FRUITS and vegetables are an important sub-sector in the agricultural sector because they are valued as protective food. They are very rich source of minerals, vitamins providing more energy per unit weight than cereals. Pakistan has a wide range of agro-climatic condition, which allows the production of a variety of fruits and vegetables. However, there is a wide gap between availability and the per capita nutritional requirement of fruits. Low availability of quality fruits and vegetables is mainly due to considerably high post-harvest losses, poor transportation, improper storage and low processing capacity with a growing population. The increased production of fruits and vegetables and other agricultural produce will be fully realised only when they reach the consumer in good condition and at a reasonable price. The post-harvest losses could be considerably reduced by adopting improved packaging, handling and efficient system of transport. Packaging of fruits and vegetables is undertaken primarily to assemble the produce in convenient units for marketing and distribution.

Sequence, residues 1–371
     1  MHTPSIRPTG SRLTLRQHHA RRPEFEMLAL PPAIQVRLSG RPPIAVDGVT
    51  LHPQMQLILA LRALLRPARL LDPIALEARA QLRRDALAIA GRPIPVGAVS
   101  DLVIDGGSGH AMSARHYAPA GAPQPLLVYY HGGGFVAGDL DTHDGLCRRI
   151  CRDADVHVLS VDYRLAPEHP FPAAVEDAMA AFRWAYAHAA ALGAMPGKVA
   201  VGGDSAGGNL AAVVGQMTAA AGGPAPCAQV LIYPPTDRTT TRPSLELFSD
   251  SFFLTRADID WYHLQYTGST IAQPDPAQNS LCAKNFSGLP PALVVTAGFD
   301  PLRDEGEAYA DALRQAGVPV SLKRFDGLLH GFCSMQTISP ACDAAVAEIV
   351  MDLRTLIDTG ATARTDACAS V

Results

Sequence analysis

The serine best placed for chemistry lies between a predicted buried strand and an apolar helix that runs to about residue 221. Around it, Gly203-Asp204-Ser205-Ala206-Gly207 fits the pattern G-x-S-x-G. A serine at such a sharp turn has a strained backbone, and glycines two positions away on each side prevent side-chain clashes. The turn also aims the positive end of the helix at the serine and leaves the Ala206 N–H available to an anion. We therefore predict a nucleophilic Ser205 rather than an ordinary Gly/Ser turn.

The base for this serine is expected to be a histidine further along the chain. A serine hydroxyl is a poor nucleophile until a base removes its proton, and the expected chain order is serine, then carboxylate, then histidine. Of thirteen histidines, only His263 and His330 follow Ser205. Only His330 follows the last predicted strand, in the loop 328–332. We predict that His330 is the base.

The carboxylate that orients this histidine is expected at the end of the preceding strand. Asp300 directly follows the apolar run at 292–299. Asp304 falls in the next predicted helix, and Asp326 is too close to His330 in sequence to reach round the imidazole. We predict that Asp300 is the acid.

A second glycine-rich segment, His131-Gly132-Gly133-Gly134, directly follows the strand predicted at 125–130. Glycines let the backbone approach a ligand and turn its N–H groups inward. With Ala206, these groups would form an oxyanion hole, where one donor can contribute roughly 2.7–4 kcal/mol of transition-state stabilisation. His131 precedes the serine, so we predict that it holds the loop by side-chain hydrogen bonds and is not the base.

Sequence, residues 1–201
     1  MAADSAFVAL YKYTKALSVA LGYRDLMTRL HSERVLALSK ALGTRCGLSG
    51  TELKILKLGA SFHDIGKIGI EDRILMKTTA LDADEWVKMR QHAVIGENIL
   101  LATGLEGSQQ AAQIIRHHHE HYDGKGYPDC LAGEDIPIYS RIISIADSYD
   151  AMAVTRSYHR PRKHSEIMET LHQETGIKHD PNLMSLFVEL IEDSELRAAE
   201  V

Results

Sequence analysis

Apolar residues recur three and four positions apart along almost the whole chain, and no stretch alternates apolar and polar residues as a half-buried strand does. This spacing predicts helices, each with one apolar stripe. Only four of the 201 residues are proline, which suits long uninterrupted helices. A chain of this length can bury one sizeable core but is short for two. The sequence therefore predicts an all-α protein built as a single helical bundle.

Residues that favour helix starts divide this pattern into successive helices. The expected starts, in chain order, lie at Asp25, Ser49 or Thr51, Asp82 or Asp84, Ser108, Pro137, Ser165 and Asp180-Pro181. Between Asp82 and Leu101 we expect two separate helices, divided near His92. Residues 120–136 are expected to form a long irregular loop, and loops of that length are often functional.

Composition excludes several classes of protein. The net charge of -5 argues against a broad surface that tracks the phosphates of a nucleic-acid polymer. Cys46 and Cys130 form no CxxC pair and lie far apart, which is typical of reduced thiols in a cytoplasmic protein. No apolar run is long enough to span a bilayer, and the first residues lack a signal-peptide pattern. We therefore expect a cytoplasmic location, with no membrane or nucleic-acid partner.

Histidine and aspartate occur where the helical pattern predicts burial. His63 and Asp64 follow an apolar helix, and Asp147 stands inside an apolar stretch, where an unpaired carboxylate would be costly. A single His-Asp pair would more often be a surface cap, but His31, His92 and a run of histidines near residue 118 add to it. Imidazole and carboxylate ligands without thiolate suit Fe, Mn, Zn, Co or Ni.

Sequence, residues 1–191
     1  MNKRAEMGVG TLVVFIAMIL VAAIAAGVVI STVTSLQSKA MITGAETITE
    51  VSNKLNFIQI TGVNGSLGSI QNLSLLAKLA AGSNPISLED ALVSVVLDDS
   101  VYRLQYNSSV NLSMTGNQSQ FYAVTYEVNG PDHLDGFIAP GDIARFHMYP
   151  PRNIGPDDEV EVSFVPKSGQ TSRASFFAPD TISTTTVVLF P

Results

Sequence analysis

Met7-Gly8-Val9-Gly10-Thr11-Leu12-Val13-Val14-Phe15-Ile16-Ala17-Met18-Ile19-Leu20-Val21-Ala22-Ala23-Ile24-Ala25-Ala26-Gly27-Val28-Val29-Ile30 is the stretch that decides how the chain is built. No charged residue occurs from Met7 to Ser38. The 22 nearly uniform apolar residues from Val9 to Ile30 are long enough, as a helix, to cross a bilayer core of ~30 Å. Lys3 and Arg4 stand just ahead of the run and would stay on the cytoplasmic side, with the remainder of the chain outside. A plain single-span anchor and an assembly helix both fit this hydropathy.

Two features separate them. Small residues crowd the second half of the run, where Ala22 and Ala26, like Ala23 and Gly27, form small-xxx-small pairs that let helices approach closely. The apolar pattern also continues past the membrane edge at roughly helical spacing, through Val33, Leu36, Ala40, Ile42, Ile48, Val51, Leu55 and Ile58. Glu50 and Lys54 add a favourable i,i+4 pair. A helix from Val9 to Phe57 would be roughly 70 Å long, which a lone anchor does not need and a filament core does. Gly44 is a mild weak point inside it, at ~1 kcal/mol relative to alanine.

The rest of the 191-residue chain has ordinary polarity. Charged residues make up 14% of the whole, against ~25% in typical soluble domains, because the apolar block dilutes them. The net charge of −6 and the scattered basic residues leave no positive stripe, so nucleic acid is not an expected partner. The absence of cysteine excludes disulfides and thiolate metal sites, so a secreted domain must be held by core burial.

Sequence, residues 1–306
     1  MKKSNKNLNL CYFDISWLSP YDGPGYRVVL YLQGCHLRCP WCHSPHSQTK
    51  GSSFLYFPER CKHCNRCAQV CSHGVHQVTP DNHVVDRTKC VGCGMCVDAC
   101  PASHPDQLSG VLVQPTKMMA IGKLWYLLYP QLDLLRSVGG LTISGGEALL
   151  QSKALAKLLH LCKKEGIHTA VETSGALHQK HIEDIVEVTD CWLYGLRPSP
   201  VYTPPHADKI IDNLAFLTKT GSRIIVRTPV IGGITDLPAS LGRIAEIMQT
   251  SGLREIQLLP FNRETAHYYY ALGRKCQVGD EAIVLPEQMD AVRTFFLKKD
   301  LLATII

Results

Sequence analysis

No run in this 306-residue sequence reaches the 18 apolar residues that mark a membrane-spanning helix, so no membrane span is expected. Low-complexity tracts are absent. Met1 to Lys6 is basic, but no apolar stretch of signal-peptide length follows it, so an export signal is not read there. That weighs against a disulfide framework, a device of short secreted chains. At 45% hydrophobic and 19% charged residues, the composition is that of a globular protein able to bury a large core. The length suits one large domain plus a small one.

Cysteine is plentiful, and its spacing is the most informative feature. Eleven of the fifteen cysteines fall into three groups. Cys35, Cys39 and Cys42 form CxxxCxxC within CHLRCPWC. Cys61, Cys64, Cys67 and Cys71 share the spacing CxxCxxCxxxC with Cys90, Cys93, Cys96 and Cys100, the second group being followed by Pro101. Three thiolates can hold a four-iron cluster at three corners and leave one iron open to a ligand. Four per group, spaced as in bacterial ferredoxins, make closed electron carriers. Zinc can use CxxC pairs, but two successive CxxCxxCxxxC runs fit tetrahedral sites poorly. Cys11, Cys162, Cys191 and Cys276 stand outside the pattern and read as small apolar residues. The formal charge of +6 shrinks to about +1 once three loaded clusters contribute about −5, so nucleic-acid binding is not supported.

Requirements: The package must stand up to long distance transportation, multiple handling, and the climate changes of different storage places, transport methods and market conditions. In designing fruit packages one should consider both the physiological characteristics of the fruit as well as the whole distribution network. The package must be capable of protecting the product from the transport hazards; preventing the microbial and insect damage; minimising the physiological and biochemical changes and losses in weight. Careful packing of fruits and vegetables is necessary to keep the produce in place with minimum shaking. Fruits and vegetables are normally packed in layers in crates and in each layer products are packed alternately placing the beak of one in between the shoulders of two. This method of packing is easy to follow and quick. It also provides enough room without compressing it. The present packaging systems for fresh vegetables is unscientific. Uses of traditional forms of packages like bamboo baskets are still prevalent.